BASF launches blockchain plastic recycling model in Canada
BASF has launched a pilot project called reciChain in British Columbia designed to better manage plastic waste. According to BASF, the project will introduce a more sustainable alternative to the linear economic model, reducing plastic waste, maximizing its value and enhancing resource efficiency.
According to a report produced by Deloitte for Environment and Climate Change Canada, Canada disposed of nearly 3.3 million tons of plastic waste in 2016. Less than 11% were recycled, meaning the rest were landfilled or lost to the environment. If the present trend continues, the report estimates that Canadians will dispose of $11.1 billion worth of plastic materials each year by 2030.
“There is a clear global challenge around the economics of recycling plastic. Much of the collection and sorting activities are challenged by manual processes and material contamination. Additionally, traceability is a concern as new commitments start to emerge from brand owners and retailers,” said Marcelo Lu, President, BASF Canada. “With reciChain, our goal is to revitalize the value of plastics and significantly improve circularity in the supply chain.”
The platform combines the power of blockchain with a digital badge and loop count technology that enables the secured sharing of data among market participants, while improving the sorting, tracing and monitoring of plastics throughout the value chain. The result is a more competitive circular supply chain rather than a linear one, extending the lifecycle of plastics. Additionally, due to the increased transparency reciChain brings, the platform can provide better assurance to brand owners of the validity of the certificates they purchase from recyclers and converters.
Initially piloted by BASF in Brazil, the inspiration for reciChain came from a need in that market to deal with social inequality issues as well as regulatory concerns around the issuance of recycling certificates. Given its ability to tokenize the recycling value of plastics, the platform enables a fairer distribution of value added along the supply chain, even to cooperatives, which traditionally generate lower returns compared to other businesses. Moreover, the improved transparency from the material flow in the platform provides better compliance with recycling documentation. The project has already secured participation of some major Brazilian key players and will continue to be developed in parallel with the Canadian pilot.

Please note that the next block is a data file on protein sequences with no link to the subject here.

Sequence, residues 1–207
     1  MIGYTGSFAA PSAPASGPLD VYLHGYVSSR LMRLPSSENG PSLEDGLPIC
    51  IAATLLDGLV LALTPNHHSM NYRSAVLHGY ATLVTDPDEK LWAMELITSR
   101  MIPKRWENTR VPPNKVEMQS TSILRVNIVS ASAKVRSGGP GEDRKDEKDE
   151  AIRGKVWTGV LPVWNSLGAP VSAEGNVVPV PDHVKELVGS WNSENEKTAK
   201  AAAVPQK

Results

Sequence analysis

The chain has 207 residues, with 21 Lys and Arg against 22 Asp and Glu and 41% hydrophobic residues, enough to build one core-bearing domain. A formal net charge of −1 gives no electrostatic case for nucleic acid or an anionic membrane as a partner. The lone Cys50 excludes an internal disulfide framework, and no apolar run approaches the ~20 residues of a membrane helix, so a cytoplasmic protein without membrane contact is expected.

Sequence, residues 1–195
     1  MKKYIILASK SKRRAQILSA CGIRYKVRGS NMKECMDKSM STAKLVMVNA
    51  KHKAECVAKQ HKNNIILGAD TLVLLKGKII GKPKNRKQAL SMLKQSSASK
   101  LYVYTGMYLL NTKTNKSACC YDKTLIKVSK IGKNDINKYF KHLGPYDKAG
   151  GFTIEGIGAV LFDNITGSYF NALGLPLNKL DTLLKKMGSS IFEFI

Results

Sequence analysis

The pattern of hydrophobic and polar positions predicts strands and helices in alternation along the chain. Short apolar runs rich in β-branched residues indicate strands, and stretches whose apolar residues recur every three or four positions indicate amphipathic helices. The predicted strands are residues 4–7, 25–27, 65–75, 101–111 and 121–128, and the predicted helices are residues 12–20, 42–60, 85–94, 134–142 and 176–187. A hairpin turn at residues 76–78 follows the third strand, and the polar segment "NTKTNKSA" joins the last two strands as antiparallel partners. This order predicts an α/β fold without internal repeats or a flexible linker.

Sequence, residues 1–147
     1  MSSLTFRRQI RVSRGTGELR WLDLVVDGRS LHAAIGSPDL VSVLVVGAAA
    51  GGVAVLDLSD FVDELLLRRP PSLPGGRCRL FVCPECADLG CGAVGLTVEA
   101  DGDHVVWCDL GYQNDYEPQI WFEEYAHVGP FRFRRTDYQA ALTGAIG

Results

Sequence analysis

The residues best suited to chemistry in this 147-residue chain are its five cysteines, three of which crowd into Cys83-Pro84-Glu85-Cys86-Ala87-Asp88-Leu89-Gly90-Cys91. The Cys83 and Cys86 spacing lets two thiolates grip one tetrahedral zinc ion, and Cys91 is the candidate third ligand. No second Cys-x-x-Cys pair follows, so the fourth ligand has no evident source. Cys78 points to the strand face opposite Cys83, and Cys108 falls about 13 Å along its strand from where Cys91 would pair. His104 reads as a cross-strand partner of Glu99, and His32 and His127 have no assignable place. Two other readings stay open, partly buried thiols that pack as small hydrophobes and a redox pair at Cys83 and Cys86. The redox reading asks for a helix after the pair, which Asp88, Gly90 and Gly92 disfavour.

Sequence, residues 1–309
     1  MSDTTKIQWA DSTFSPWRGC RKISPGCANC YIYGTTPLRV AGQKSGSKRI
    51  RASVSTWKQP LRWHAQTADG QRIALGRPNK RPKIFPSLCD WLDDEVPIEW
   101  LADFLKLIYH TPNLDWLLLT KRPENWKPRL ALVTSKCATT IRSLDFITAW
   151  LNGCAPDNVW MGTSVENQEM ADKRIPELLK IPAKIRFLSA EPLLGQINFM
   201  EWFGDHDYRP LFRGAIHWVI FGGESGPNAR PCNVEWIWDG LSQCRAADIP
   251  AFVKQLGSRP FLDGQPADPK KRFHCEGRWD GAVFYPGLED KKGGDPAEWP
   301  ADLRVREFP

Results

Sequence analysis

“A successful implementation of reciChain will result in a collaborative digital consortium that will bring together plastic manufacturers, suppliers, government entities, retailers, waste collectors and recyclers aimed at keeping the life of plastic molecules circular,” said Anthony DiPrinzio, head of BASF Blockchain Lab. “Leveraging blockchain technology, we can work together to ensure our products deliver back to the value chain and contribute to a circular economy.”
For the pilot project in British Columbia, BASF is working with Deloitte as a strategic advisor. The team is currently validating the pilot’s value in the local supply chain with the goal of expanding it to a nation-wide solution in order to position Canada as a leading country in the recycling and recovery of plastics.
To learn more about reciChain and potential partnership opportunities, please visit www.basf.ca/reciChain.